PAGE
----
To miter corners, fold in the corners wrong side to wrong side, press, open up again, turn right side up, fold corners in opposite direction matching basting stitches, and stitch in the ditch created by the first pressed fold.  


 

Clip corners, turn right side out and press. Top stitch at 3/8” from edge using a 4cm stitch. Press and place flaps wrong side up.



b. For the lining portion of the flap, baste a ¼”seam allowance down both flap sides and the bottom edge of flap. Using the ¼” washable Wonder Tape or Steam-a-Seam, press and fuse under the ¼” on the sides and bottom of flap lining. 

c. Place flap lining on fashion fabric flap – wrong side to wrong side – along the 1/4" basting line and hand stitch lining to flap, keeping stitches from showing through to right side of flap. Utilizing some Wonder Tape to fuse the lining to the flap in this step helps hold everything place while you stitch.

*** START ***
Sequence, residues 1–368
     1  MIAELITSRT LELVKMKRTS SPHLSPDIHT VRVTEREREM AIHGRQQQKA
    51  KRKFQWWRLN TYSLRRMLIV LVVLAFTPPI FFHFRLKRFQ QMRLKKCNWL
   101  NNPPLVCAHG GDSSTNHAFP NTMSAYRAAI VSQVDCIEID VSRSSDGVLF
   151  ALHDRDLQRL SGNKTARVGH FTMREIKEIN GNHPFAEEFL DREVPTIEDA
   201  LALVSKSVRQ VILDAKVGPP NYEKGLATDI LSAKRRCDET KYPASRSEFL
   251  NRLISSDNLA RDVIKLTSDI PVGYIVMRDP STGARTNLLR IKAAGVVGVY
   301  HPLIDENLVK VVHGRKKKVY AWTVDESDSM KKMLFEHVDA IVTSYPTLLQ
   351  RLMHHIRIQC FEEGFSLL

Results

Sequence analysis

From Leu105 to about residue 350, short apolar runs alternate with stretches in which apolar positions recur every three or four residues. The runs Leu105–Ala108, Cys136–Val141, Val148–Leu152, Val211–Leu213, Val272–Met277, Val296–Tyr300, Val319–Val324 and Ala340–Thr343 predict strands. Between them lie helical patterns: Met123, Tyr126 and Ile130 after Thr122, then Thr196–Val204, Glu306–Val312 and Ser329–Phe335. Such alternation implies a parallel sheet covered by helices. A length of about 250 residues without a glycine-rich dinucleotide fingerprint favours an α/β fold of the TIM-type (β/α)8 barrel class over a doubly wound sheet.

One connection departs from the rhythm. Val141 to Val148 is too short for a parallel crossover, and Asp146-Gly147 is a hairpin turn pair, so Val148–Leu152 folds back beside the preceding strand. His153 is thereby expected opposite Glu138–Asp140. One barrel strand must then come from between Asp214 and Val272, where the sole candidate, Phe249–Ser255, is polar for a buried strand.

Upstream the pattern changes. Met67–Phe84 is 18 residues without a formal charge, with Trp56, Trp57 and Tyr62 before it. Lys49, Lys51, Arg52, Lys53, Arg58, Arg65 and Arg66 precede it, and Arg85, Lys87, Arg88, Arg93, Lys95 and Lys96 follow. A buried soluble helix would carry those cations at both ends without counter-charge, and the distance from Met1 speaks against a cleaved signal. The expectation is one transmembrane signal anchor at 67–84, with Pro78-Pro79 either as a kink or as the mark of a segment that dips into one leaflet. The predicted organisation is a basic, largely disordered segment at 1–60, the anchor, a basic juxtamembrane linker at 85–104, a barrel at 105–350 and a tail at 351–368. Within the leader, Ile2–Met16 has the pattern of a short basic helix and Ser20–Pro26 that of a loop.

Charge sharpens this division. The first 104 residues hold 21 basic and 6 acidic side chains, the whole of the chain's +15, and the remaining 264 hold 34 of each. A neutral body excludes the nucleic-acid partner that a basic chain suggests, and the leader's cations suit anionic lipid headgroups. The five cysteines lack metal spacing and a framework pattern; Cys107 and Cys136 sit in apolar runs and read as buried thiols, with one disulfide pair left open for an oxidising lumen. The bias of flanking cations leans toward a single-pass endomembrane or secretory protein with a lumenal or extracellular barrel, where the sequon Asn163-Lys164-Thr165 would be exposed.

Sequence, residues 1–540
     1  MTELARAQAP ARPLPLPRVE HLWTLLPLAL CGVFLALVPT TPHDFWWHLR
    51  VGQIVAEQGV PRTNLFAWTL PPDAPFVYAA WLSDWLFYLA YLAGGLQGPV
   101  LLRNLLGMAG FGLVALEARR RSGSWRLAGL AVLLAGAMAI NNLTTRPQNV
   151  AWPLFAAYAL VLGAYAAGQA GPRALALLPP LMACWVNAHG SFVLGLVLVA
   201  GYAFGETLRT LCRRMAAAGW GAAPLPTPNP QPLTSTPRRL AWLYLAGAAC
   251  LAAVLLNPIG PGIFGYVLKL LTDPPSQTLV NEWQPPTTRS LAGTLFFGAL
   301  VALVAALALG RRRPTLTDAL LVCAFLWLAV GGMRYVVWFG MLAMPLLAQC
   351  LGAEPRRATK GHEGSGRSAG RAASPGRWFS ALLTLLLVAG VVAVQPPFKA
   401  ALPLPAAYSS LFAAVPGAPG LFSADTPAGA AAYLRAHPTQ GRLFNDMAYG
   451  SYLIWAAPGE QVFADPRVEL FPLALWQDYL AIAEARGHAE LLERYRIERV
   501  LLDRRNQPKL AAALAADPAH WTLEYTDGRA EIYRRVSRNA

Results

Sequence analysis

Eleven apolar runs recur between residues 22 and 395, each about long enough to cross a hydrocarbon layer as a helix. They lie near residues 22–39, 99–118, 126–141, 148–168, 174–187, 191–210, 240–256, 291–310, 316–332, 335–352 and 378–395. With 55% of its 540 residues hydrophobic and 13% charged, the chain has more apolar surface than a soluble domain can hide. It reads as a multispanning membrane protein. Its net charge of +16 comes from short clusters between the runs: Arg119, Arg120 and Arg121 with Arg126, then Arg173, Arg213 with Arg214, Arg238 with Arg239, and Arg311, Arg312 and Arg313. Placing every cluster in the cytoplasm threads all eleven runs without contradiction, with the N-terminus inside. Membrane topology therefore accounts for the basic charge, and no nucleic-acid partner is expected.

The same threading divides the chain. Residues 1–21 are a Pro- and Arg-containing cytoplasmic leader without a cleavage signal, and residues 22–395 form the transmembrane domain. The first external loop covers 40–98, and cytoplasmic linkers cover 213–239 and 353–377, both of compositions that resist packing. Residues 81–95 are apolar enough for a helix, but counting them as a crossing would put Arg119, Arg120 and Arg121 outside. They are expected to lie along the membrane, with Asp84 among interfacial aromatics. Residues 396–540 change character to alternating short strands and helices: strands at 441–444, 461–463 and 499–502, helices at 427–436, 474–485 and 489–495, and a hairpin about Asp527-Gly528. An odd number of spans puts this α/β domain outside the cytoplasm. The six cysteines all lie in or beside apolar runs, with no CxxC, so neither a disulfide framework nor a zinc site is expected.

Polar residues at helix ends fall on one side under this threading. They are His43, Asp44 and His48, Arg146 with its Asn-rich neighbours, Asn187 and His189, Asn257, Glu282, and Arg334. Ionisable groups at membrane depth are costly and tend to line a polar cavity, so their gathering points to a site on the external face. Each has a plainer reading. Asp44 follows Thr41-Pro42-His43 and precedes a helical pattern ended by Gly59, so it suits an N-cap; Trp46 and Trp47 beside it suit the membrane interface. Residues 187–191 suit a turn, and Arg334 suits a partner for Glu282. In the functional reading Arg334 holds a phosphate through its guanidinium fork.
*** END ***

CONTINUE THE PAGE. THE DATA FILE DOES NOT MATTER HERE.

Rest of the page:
Baste top edge of flap/lining together by rolling over your finger to assist in a top to bottom curve.  Your fashion fabric will be "shorter" than the lining.

 d.  On a pressing ham or fat rolled towel, place completed flaps right side up, and steam the flaps in a side-to-side curve.  Let cool.
  

e.    Place flaps, lining side up with bottom of flap pointing towards the neckline and sew flaps to dress front at markings. Roll flaps down and tack down at ¼” from top of flap, covering the raw edge under the roll of the flap. 

Top Tip:   Leave a long tail when you begin and end for use as the tack down. 








6.       Interface and sew shoulder piece (#3) to front and back pieces.

7.       Sew gusset (#4) to side front seams, stopping at large dot, easing where noted.  Baste remaining side seam and check fit.  Make any adjustments and finish.  Press all seams open.